Why It Works
- Steaming eggs is the best way to cook them for even cooking through to the core, and easy peeling.
- Crushing the eggs with fresh mayonnaise by hand gives you a good mix of chunky and creamy textures. Scallions and celery add crisp freshness.
- Fresh lemon juice adds brightness and acidity to the mix.
This particular recipe for egg salad is about as close to perfect as it gets. It's not fancy, there are no special ingredients, but it's well balanced, with bright, fresh flavors and a texture that spans from rich and creamy to crisp and crunchy.
Every great egg salad starts with perfectly cooked eggs. Ours combines roughly mashed eggs with fresh mayonnaise and lemon juice, along with diced celery, scallions, and parsley for the perfect balance of creamy and crunchy textures and bright, fresh flavors.
This egg salad recipes can be made ahead of time, and keeps in the refrigerator for up to three days.
6 large hard steamed eggs, chilled and peeled
1/4 cup homemade or store-bought mayonnaise
1/2 teaspoon zest and 1 1/2 teaspoons fresh juice from 1 lemon
1/3 cup finely diced celery (about 1 small stalk)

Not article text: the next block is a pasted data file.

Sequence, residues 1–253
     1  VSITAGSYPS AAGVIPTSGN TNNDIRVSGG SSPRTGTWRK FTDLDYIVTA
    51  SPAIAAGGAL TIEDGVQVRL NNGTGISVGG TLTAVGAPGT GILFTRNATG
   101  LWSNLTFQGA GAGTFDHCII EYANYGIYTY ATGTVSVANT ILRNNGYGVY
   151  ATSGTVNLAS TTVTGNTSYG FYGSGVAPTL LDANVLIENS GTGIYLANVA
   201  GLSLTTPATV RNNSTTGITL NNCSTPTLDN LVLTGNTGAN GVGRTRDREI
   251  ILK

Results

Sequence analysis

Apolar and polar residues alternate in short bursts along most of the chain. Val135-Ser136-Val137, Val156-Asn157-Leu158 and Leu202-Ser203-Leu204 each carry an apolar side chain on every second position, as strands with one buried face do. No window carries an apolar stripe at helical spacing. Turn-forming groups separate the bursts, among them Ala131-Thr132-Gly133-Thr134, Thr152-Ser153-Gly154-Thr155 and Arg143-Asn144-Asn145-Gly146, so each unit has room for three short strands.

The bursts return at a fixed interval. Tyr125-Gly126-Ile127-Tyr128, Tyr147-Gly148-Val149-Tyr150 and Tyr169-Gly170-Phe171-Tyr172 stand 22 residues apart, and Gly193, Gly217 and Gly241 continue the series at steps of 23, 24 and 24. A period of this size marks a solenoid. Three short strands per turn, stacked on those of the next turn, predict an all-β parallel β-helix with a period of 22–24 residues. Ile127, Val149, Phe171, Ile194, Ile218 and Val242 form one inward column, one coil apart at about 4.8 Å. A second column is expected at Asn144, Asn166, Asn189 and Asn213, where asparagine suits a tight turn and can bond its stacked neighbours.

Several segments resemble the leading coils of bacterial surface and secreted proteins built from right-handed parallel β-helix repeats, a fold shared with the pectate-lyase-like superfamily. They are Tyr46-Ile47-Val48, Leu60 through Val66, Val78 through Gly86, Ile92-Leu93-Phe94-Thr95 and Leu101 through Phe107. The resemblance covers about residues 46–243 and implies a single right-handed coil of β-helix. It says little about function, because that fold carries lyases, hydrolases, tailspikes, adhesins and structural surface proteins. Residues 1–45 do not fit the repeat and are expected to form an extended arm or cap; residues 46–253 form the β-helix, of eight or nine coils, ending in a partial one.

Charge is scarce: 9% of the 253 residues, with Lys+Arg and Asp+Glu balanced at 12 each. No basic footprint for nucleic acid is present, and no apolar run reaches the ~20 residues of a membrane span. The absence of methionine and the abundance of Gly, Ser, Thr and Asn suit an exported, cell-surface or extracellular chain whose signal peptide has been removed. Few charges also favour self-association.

1/4 cup finely sliced scallions, white and pale green parts only (about 2 scallions)
1 tablespoon minced fresh parsley leaves
Kosher salt and freshly ground black pepper
Bread, lettuce, and thinly sliced radishes, for serving
Combine eggs, mayonnaise, lemon juice, celery, scallions, and parsley in a medium bowl. Using your hands, squeeze eggs through your fingers, mixing contents of bowl until reduced to desired consistency; alternatively, smash and mix with a firm whisk. Season generously with salt and pepper. Serve with sliced radishes, lettuce, and bread to make sandwiches, or store in a sealed container in the refrigerator for up to 3 days.
This Recipe Appears In
|Nutrition Facts (per serving)|
|Servings: 3 to 4|
|Amount per serving|
|% Daily Value*|
|Total Fat 19g||24%|
|Saturated Fat 4g||21%|
|Total Carbohydrate 8g||3%|
|Dietary Fiber 1g||3%|
|Total Sugars 2g|
|Vitamin C 4mg||20%|
|*The % Daily Value (DV) tells you how much a nutrient in a food serving contributes to a daily diet. 2,000 calories a day is used for general nutrition advice.|